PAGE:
The currents and trade winds bring creatures from all over the world to the warm waters of the Great Barrier Reef. Butterflies for the coastal rainforest and whales and dolphins for the warm tropical waters. They all prosper in the reef’s unique ecosystem.
The Great Barrier Reef’s warm waters are a marine magnet attracting creatures from delicate butterflies to 100-tonne humpback whales.
Whales, turtles and reptiles
The biodiversity of the Great Barrier Reef is home to a bewildering array of marine creatures as well as attracting rare and threatened species. The reef hosts six of the world’s seven species of marine turtle. They arrive on the beaches and coral atolls to lay their eggs. Humpback, dwarf minke and pilot whales swim up the coast from the cold waters of the Southern Ocean to breed in the warm waters of the reef. And fourteen different varieties of sea snake are drawn to the reef, which offers them an ideal habitat.
Birds of the reef
The skies above the reef are home to at least 23 species of seabird and 41 shorebirds. They arrive to breed, forage and nest on the islands and along the coastal hinterland. Thirty-two species of migratory birds spend time on the reef. They include an estimated 2,880,000 oriental pratincoles, 360,000 great knots, 270,000 red-necked stints, 180,000 bar-tailed godwits and 70,000 black-tailed godwits. There are 140,000 sharp-tailed sandpipers, 118,000 curlew sandpipers and 10,000 broad-billed sandpipers. You can walk along the beaches of the coral atolls or explore the mangroves and rainforests and marvel at the richness of birdlife that has migrated from all over the world.
Corals, plankton and fish
You won’t see them all, but the reef is home to a staggering 1,400 varieties of coral and 1,625 species of fish. Some call the reef home, others are visitors attracted by the biodiversity and the prospect of breeding. Soft corals, jellyfish and sponges drift in from the Coral Sea. There are more than 150 species of soft corals and more than 100 species of jellyfish – including blue bottles and the deadly box jellyfish. Plankton drifts towards the reef and provides a vital source of food for whales. The warm waters also attract such rare and beautiful fish as seahorses, barramundi cod and Maori wrasse.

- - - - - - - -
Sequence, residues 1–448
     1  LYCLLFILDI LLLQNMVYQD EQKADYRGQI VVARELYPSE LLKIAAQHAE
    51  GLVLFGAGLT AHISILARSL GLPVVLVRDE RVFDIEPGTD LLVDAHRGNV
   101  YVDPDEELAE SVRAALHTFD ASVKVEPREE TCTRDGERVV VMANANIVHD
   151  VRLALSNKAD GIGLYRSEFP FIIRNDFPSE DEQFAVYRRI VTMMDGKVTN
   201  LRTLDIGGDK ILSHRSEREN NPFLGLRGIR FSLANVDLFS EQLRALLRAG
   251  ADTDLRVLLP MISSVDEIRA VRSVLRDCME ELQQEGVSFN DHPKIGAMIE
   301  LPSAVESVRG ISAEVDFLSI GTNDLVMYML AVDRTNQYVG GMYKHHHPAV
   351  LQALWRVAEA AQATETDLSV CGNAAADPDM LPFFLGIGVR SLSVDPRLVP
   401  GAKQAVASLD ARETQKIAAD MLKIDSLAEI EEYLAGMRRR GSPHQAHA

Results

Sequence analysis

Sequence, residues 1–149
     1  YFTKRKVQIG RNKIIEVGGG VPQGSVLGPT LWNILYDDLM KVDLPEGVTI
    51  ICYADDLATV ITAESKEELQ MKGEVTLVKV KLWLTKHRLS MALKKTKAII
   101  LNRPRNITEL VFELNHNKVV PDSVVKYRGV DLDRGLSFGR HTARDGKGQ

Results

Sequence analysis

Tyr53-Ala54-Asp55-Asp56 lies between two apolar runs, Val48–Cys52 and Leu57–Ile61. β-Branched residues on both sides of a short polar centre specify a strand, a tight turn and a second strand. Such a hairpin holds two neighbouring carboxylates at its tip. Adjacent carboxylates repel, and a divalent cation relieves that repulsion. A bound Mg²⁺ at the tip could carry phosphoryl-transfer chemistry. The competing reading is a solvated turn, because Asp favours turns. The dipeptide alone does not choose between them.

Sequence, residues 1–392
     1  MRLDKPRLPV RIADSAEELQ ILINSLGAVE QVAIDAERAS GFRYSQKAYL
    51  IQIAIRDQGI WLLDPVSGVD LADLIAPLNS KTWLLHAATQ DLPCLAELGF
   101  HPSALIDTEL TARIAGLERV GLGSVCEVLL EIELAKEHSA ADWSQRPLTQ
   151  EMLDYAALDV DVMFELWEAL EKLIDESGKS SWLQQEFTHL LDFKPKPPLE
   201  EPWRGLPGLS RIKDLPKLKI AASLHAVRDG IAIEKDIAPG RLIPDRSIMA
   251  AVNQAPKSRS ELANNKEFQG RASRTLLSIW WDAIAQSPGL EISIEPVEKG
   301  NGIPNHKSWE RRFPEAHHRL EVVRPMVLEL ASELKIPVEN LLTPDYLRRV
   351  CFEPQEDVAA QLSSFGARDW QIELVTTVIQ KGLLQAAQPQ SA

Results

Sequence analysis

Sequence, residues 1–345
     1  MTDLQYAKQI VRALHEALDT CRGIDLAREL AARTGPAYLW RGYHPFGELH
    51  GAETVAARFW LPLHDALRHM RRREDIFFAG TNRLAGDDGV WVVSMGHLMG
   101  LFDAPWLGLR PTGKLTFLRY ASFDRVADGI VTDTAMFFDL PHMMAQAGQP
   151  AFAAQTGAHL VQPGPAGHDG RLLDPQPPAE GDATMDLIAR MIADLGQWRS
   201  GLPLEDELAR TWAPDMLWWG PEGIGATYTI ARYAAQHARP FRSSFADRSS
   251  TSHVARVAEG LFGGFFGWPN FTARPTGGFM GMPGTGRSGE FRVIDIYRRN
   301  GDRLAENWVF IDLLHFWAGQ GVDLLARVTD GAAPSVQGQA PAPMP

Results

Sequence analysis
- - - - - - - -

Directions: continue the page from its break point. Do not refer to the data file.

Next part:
Molluscs, crustaceans and shells
When you wander along the beaches you will see, washed up along the shoreline, a small but intensely beautiful sample of the shells which were once homes to over 3,000 species of molluscs (clams, oysters, cuttlefish, nudibranchs, chitons and snails) which drift across the Coral Sea. Some of these shells – like helmet shells, triton shells and tridacnid clams – are protected. Others, like the stromb shell, dove shell, cowry shell and nautilus shell are treasures of rare beauty. You will gasp at the wonderland that awaits the watchful beachcomber.
See the Great Barrier Reef's animal visitors first hand
The largest and arguably the most majestic visitors to the Great Barrier Reef are the pods of whales that come to the reef to court and mate. At certain “hotspots” between June and August, Dwarf Minke Whales seek out and interact with divers and snorkellers.
Between November and March, nightly tours show how the Turtle Rookery at Mon Repos comes alive with loggerhead turtles laying eggs and leaving the hatchlings to make their way to sea.
Between May and June, catch large groups of Manta Rays gliding through the reef at Lady Elliot Island.
Being a human visitor doesn’t mean being totally out of your comfort zone on the reef — on Fitzroy Island you can explore the undersea world with sleek underwater SEABOB craft to aid your movements.
You can also become a nocturnal visitor by sleeping under the stars, 26 nautical miles from shore.